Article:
With costs as low as £0.01per bag, it’s no surprise that single-use plastic bags have been the staple carrier bag option of retailers for many years.
Since 2015, the U.K has been combatting the amount of single-use carrier bags distributed by large retailers (250 full-time employees or more) in the form of a £0.05 charge per bag. Since the introduction of the £0.05 charge, a 95% reduction in plastic carrier bag distribution from supermarkets alone, is a fact that has been stated a lot.
But what about small retailers?
Up until now, it would seem that small retailers have slipped under the radar. From April 2021, however, this will change in the U.K. The current £0.05 charge will double and apply to the whole retail sector.
This is another step forward in combating single-use plastic carrier bags. Although, it begs the question, what options currently exist for small retail business owners that want to completely remove single-use plastic carrier bags from their shop?
We’ve put together a list showing that leaving single-use plastic carrier bags behind, without a heavy price tag is easier than ever for small retailers.
If your business isn’t a shop, but still uses carrier bags in some way, for example, an office, this article is also for you!
Note: the alternatives mentioned in this article are more sustainable in terms of reusability and time taken to decompose once discarded.
Each of the following types of bags does have a negative environmental impact during production and during decomposition.
Now, without further ado, let’s begin.
Yes, you read that correctly, but sadly we’re talking about bags and not beer.
Incorporating a reduce, reuse and recycle mentality into your business, and encouraging customers to bring their own bags is the most effective way to reduce the usage of any kind of carrier-bag within your business.
Each time a customer comes to your shop armed with their own bag, that’s one less bag of yours used, one less bag added to their home collection, and not to mention one less bag that you now need to replace, in the long run saving you £££.
A simple sign in your shop window, notice on your website, or periodic email to your customer contact list is all it takes to encourage people to BYOB!
Paper bags are a good option for small retailers whose customer’s average purchase isn’t a heavy one. Usually made from natural Kraft (German for strong) paper, this strong paper is produced using wood pulp and mainly consists of cellulose, a biodegradable organic compound.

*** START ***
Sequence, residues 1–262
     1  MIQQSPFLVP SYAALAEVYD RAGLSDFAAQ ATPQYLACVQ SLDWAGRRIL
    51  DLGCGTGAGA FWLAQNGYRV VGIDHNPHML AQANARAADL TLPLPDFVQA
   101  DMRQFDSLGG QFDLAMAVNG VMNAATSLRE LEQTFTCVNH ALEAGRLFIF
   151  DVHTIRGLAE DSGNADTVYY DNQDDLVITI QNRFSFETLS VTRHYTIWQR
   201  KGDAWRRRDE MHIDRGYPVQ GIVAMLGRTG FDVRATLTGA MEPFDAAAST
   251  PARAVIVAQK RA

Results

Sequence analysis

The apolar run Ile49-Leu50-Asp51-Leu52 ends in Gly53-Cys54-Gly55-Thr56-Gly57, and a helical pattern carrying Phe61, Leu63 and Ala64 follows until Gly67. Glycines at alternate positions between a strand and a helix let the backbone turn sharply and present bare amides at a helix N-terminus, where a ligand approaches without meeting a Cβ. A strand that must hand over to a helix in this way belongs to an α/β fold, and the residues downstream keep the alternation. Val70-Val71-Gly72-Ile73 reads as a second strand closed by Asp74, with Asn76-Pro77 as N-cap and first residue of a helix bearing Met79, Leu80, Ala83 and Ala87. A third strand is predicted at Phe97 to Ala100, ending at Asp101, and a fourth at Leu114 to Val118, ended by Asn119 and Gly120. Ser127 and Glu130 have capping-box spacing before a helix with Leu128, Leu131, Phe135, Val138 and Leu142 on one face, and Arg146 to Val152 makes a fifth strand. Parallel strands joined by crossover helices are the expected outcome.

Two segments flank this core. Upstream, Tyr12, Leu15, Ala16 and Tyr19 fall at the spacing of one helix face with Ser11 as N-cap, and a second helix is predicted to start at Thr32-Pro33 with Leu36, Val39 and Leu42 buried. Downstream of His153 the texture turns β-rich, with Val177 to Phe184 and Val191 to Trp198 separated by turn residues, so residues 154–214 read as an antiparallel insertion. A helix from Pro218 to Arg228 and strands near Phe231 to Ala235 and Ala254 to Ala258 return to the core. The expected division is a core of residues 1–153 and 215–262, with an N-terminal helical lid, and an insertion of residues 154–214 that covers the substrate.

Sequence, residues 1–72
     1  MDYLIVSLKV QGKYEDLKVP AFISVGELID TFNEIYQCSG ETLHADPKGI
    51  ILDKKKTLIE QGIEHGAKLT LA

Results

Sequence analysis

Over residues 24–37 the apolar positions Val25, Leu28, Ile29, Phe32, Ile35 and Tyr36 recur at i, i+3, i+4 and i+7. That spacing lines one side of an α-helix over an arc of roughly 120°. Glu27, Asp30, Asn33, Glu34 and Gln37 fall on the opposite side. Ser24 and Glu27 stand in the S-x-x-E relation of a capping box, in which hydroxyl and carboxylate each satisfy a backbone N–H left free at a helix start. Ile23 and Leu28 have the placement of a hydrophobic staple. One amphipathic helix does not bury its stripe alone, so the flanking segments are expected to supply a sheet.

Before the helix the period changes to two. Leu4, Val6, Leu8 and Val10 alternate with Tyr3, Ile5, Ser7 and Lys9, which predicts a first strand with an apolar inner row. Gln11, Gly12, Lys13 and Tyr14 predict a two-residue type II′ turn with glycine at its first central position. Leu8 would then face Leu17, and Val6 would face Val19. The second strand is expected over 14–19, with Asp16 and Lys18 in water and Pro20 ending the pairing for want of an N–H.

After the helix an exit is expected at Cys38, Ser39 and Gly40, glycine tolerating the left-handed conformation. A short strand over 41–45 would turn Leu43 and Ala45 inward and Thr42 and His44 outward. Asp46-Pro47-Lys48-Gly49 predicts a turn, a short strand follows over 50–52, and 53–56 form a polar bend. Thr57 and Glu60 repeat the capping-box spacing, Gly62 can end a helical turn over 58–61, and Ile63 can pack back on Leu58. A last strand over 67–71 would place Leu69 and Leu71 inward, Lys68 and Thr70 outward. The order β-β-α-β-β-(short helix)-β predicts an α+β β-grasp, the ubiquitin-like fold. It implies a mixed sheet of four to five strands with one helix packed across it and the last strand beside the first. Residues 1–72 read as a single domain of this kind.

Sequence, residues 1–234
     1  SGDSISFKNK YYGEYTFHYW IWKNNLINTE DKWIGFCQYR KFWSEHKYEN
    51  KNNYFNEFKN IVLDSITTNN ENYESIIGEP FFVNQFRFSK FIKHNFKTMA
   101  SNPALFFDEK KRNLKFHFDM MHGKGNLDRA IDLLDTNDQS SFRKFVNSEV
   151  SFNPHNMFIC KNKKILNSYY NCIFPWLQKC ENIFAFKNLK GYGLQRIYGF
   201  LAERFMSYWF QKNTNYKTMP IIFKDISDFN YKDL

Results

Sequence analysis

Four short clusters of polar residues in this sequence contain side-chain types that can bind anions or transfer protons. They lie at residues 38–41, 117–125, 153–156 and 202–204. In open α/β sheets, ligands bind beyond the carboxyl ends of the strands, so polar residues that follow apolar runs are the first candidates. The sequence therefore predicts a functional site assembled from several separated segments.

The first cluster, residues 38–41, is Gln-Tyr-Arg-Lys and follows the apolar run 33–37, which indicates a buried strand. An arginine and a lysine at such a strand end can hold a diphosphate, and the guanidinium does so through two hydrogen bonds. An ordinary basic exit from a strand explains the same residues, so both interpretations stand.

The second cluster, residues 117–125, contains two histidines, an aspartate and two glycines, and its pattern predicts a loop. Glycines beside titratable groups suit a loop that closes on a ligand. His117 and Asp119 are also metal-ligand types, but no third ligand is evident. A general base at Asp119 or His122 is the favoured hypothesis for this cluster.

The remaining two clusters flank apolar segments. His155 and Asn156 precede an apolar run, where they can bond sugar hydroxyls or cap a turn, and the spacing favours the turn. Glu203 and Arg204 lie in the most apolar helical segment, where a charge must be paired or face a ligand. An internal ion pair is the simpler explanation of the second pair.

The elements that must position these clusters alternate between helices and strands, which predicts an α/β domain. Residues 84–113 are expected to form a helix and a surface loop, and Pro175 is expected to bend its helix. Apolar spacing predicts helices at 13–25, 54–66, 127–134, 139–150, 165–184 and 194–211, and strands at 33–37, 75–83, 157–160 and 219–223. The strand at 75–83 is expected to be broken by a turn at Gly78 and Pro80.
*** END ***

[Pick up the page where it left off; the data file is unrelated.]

Kraft paper comes in several forms, each with differing carbon footprints. Recycled Kraft paper ranks lower than virgin Kraft in terms of environmental impact, but also in terms of strength. Reading about the different types before buying will ensure that you chose the right Kraft paper bag for your business and environmental goals.
Despite being an excellent alternative to single-use plastic, it’s important to know the drawbacks of Kraft paper:
Production creates on average four times the amount of CO2 than that of single-use plastic bags
kraft paper bags weigh around five times more than single-use plastic bags. Thus, their environmental impact during the transportation is greater
Although during production less environmentally friendly than plastic, kraft paper shines over the long term. Its sturdiness allows for multiple uses and has an average in-earth decomposition time off. However, harmful chemicals may be a byproduct of decomposition.
If your small business also operates online, kraft paper can also work as a great plastic-free packaging alternative for e-commerce.
You can buy Kraft paper bags from a U.K based wholesale retailer here.
If the products you sell are on the heavier side, but still small enough to fit in a carrier bag, then jute bags could be the eco carrier bag solution for your business.
Another gift from mother-nature, jute is a naturally occurring fibre within its namesake plant. Sturdy yet biodegradable, you can relax knowing that the jute bags you provide your customers with will be used numerous times. Also, when replaced, they won’t linger in the environment for hundreds of years like their plastic counterparts.
Jute can only be grown in warm climates, so, like all cultivation of natural materials it does have a negative environmental impact in terms of global transportation.
Jute carrier bags are an ideal bag for wine sellers and retailers of other smaller products that come packaged in materials heavier than plastic. A breathable and moisture-wicking fabric, jute bags are also a stellar choice for carrying food produce.
Relatively low wholesale prices of £0.96 per bag can be found in the UK. Less economic than paper bags, jute bags can still save you money thanks to their durability – which means you buying less. A periodic reminder to customers to always bring their jute bag and you’ve got a long-term alternative to single-use plastic.
Cotton and Canvas Bags
Cotton is a major player when it comes to eco-friendlier carrier bags. Another fibre which grows on a namesake plant, cotton is the most widely grown organic fibre and is also biodegradable.
Today the US remains one of the main producers of robust fibre. The US Department of Agriculture calculates the nation’s cotton carbon footprint at 4.43 kg CO2e/kg of fibre – about the same as driving 19.5 miles in a standard petrol engine car. These numbers may differ for other producing nations as environmental regulations may not be the same.
Drawstring cotton pouches are a great option for small, lighter products such as jewellery. They can be found for as little as £0.36 per pouch.
You can buy regular sized cotton carrier bags from £0.59 per bag here.
If your business needs regular-sized cotton carrier bags, but stronger, then consider canvas bags!
Canvas is the name given to cotton after it has been tightly weaved in a specific way to increase its strength.